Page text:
Landlords need to be on the inside track in the north’s crowded apartment market
Hot demand from tenants is absorbing a sharp increase in the supply of new apartments in Melbourne’s north. Young couples seeking an “urban edge” lifestyle close to transport hubs are the leading demographic.
Property management experts say developers who build larger-than-average apartments and offer quality interior finishes, are faring best and renting out their properties for higher rents.
“An apartment that differentiates itself from the pack does very well in this market – it may have a bigger balcony or be north facing or it has a bigger-than-standard bedroom or a quality stone benchtop in the kitchen.”
In a heavily-supplied market, landlords have to be on the inside track. By using a property manager with a proven and established record, up-to-the-minute market knowledge and an extensive referral base of prospective tenants, property investors can maximise their chances of attracting above-market rents and long-staying tenants.
Changes to planning laws by the Victorian Government from 2006 onwards opened up large tracts of inner Melbourne to redevelopment as apartment buildings. Sites that are close to tram lines and train stations were particularly earmarked for future redevelopment.
Because of the relative affordability of land in the northern suburbs compared to other parts of the city and the north’s excellent public transport infrastructure, this area has attracted a very large share of contemporary apartment buildings.
Many new unit buildings have come onto the market in the past two years. With more to come in 2017, tenants are spoilt for choice.
Anthony Gentile, a partner and property management department manager with Nelson Alexander in Brunswick, says the rental market is currently extremely busy as students and staff at city-based universities search for near-city accommodation.
“Basically, you are getting couples going into these apartments,” he says.
“Families tend to go for the more established houses, while apartments are generally aimed at younger people looking for urban-edge living.”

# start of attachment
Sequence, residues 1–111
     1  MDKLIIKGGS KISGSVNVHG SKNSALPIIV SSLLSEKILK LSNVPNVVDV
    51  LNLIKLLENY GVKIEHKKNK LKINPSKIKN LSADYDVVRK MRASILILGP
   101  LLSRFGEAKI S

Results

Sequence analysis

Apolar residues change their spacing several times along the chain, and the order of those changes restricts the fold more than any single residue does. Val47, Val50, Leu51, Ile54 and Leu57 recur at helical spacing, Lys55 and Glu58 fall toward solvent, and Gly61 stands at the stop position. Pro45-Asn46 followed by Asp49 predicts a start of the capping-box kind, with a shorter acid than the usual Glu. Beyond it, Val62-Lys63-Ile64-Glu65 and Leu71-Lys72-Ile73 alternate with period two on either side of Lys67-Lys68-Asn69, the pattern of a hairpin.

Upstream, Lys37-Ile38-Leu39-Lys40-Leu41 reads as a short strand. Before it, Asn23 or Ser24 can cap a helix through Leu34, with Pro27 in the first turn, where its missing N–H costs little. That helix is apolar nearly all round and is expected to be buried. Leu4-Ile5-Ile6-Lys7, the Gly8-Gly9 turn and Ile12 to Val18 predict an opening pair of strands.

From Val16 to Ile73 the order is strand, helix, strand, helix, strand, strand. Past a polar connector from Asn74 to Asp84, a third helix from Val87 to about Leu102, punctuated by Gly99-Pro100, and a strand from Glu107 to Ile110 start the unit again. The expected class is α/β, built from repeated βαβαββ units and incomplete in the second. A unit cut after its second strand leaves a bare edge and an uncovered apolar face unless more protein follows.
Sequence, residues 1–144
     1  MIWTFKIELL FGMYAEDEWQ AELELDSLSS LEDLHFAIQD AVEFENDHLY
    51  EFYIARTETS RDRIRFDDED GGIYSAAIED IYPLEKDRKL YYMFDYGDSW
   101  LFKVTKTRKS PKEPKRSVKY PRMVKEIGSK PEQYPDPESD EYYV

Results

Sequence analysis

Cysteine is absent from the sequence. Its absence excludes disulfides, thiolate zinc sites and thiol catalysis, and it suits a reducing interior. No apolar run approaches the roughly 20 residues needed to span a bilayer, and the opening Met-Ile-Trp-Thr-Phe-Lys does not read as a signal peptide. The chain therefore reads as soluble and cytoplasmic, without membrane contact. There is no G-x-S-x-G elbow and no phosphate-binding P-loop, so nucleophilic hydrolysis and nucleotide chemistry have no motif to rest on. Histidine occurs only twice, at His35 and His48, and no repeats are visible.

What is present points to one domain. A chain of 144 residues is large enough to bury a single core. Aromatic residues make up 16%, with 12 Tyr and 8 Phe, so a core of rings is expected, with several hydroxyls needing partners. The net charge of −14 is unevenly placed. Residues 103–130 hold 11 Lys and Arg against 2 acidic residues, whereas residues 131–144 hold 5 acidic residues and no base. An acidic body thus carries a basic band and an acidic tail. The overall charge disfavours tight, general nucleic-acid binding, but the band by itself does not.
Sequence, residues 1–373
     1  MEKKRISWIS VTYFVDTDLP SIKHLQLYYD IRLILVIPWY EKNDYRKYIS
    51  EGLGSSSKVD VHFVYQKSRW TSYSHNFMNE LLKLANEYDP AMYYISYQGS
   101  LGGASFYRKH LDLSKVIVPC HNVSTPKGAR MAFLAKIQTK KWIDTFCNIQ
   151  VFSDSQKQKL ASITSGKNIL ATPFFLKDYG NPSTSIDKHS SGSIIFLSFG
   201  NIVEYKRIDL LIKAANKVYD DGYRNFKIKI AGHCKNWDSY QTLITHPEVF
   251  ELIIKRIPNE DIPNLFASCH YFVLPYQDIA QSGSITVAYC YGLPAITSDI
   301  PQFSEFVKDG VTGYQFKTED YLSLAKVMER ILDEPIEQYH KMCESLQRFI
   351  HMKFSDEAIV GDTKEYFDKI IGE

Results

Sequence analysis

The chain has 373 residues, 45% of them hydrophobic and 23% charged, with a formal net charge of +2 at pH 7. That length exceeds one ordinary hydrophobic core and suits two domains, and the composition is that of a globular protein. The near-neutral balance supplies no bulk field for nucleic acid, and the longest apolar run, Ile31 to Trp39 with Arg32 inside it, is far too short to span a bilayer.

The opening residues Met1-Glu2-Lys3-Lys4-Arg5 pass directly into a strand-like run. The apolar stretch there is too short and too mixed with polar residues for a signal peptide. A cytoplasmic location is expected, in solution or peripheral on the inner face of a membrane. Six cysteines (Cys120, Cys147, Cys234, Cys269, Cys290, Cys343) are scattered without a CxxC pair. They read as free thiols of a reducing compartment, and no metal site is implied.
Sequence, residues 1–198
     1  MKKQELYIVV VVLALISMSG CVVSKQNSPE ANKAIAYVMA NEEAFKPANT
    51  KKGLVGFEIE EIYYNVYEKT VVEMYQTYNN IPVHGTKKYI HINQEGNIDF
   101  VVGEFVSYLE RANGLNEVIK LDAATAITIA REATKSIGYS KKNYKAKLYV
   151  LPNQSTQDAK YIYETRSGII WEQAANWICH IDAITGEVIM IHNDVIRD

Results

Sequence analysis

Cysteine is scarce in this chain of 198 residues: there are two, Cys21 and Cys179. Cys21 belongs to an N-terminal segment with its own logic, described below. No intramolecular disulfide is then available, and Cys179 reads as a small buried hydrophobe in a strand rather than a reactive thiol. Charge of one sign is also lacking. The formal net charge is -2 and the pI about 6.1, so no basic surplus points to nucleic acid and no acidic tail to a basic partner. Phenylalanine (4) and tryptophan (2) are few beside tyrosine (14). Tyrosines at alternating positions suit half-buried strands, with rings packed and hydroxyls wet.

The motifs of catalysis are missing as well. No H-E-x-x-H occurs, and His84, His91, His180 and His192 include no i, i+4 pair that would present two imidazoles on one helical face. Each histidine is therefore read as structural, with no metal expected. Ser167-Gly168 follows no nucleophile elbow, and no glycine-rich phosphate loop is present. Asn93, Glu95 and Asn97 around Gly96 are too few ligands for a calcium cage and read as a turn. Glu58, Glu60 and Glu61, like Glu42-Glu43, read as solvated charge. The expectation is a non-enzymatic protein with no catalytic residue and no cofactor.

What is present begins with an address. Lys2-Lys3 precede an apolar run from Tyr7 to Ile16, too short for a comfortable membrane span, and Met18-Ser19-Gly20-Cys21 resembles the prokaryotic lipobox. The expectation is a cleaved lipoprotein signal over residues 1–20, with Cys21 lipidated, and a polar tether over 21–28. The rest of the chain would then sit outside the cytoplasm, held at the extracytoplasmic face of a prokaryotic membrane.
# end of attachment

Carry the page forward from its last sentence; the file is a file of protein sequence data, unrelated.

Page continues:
Mr Gentile says units that offer extra living space attract the strongest demand.
“They are easier to rent when they have a bit of space,” he says. “But on top of that, people stay in the apartment for longer.
“The very small one- and two-bedroom apartments do rent, but we have a high turnover of tenants. People stay there for effectively the term of their contract and then try to move out and into something that is a bit more liveable.”
Mr Imbardelli is seeing the same trends in Essendon and surrounding areas.
He says young couples and single women are the predominant tenant groups for apartments. Many are looking for bells and whistles in their units, such as large balconies and stone benches.
There is also price pressure on landlords because of the increased supply.
“Landlords need to be realistic,” Mr Imbardelli notes.
“It’s foolish to offer to lease your place for $500 a week but have it empty for two months. If you lease the apartment for $475, you’ll get someone within a week and be better off.
“The philosophy we have in our office is that if it’s priced well, it will lease.”
Mr Gentile says there’s no doubt that the new supply is being absorbed into the market.
“It has had an effect on the prices,” he says. “Where two-bedroom/two bathroom apartments were once getting $500 a week, these properties have generally come back to rents of around $450.
“There are even some newish two-bedroom/one-bathroom apartments renting for below $400 a week. The new supply has definitely affected existing property and other new developments in the area as well.”